This is part five of the blog series about making "Once in a Blue Moon" quilt with LED battery operated lights.
OK, so I had the quilt done. I had the extended sleeve with the swimming noodles done. The final step was to really figure out how the quilt would hang in the show with the hanging devices used by our quilt guild.
We use lanyards with relatively flat curtain rods to hang the quilts from the top pole. The only thing that goes through the sleeve is the relatively flat curtain rods. There is a black curtain that hangs off the top cross piece, so the quilts are not hanging against a hard flat wall. If I was designing the hanging apparatus for my home, I would use a stiff board through the sleeve and staple the extended sleeve to the back of the board. This would insure that the quilt itself was sticking out from the wall enough so that the battery packs would not distort the top. So, the key was to somehow replicate this with the noodle and the sleeve.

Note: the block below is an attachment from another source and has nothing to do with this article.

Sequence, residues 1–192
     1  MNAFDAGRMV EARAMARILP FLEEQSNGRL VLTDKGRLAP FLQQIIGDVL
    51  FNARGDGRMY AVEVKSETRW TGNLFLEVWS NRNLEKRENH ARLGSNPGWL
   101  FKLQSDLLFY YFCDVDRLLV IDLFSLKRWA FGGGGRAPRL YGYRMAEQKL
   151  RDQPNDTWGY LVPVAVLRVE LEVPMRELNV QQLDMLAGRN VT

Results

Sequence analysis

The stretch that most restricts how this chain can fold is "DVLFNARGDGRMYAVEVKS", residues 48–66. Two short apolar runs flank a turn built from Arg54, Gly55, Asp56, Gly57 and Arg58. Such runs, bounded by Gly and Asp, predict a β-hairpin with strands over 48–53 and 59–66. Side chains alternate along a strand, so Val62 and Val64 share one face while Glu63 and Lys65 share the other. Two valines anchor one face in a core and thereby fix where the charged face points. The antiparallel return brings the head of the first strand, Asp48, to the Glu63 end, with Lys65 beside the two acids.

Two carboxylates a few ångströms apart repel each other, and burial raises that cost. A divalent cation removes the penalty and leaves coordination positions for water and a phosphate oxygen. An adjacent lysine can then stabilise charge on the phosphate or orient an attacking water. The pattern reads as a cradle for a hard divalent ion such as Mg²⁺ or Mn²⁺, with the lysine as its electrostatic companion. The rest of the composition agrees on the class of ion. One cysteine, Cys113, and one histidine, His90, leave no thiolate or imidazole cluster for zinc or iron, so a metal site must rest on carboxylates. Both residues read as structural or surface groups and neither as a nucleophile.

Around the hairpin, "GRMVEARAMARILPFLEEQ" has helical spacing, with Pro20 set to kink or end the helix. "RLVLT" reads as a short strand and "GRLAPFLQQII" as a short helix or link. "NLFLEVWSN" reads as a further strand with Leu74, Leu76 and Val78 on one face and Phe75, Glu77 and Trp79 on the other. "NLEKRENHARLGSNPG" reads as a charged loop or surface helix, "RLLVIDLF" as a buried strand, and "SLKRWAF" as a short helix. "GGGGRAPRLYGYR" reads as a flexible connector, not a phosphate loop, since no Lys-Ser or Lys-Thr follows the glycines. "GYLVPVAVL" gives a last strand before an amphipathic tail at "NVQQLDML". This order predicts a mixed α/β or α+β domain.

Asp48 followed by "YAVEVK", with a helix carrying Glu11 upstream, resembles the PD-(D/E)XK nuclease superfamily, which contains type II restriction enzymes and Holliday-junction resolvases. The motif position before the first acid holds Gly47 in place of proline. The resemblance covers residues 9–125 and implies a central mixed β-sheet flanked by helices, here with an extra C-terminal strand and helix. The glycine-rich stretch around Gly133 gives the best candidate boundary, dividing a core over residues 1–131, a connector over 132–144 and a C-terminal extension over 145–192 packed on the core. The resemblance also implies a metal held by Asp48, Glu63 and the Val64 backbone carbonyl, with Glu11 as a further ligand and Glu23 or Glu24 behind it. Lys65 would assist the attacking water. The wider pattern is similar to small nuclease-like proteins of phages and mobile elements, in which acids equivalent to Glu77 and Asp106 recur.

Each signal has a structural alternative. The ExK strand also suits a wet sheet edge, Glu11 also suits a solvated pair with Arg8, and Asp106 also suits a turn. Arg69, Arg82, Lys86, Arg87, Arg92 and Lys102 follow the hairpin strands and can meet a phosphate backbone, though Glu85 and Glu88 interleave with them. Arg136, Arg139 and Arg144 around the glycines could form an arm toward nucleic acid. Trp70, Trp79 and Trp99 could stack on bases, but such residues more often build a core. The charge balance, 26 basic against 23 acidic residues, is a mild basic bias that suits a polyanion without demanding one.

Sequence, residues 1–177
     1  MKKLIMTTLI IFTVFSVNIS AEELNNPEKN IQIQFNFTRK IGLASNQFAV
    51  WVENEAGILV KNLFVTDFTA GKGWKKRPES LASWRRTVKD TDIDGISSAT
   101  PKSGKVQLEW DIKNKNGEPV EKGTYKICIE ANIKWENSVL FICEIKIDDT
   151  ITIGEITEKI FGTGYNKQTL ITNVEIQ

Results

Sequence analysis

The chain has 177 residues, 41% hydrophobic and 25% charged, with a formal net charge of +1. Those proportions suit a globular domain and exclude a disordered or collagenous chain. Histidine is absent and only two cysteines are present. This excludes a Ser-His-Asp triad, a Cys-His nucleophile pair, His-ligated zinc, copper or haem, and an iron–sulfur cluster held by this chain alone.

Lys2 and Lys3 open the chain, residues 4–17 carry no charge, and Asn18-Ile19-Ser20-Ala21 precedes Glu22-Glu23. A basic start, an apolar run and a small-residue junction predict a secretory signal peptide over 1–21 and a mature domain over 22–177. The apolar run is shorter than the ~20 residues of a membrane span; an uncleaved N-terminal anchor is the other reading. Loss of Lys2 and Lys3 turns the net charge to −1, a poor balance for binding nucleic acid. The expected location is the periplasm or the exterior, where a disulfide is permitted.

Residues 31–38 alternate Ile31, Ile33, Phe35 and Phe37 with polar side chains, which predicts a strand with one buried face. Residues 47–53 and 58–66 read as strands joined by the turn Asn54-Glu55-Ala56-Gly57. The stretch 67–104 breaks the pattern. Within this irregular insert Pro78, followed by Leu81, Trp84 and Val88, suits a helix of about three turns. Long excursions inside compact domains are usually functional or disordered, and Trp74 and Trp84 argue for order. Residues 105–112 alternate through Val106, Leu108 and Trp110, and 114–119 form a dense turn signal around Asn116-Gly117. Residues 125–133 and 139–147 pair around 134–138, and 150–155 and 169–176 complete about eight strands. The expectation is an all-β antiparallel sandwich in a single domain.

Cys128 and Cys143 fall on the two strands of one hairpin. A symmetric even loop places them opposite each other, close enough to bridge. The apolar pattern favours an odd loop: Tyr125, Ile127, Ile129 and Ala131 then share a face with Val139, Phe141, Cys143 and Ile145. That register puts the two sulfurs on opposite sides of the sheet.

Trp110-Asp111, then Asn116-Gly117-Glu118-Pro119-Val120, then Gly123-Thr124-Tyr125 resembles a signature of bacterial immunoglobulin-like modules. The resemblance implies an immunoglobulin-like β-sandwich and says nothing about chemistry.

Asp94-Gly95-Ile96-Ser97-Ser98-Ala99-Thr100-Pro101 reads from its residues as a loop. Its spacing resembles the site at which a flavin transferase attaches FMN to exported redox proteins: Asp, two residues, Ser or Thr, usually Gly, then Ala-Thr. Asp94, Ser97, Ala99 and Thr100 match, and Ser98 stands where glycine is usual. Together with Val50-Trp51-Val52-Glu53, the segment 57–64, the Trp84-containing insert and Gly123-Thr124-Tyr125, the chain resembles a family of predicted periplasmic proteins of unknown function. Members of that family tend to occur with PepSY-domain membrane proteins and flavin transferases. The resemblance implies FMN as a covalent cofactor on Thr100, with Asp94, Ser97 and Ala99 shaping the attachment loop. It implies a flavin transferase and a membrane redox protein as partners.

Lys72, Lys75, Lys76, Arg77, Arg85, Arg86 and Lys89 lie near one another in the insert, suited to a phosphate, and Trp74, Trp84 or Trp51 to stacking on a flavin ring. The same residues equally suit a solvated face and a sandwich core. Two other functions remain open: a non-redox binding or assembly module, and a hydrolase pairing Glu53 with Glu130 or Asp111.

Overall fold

Gosh, I love having this type of problem to think through. It really appeals to my engineering brain (did I ever tell you all that I have a mechanical engineering degree?). On the other hand, the creative side of my brain does NOT let me sleep when there is a design element that needs to be resolved. So after several nights of not being able to go to sleep and/or waking up and not being able to turn off my brain, I came up just the perfect idea.
I am going to support the quilt with a hanging sleeve that is in sections. And I'm going to support the extended sleeve with smaller hanging sleeves that will fit in between the ones that the quilt is handing on. Close to loops actually. I'm going to position the top noodle so that it hangs on the back of it's hanging loops and holds the top of the quilt out from curtain. Well, that's the idea anyway. Here's my sketch of the idea.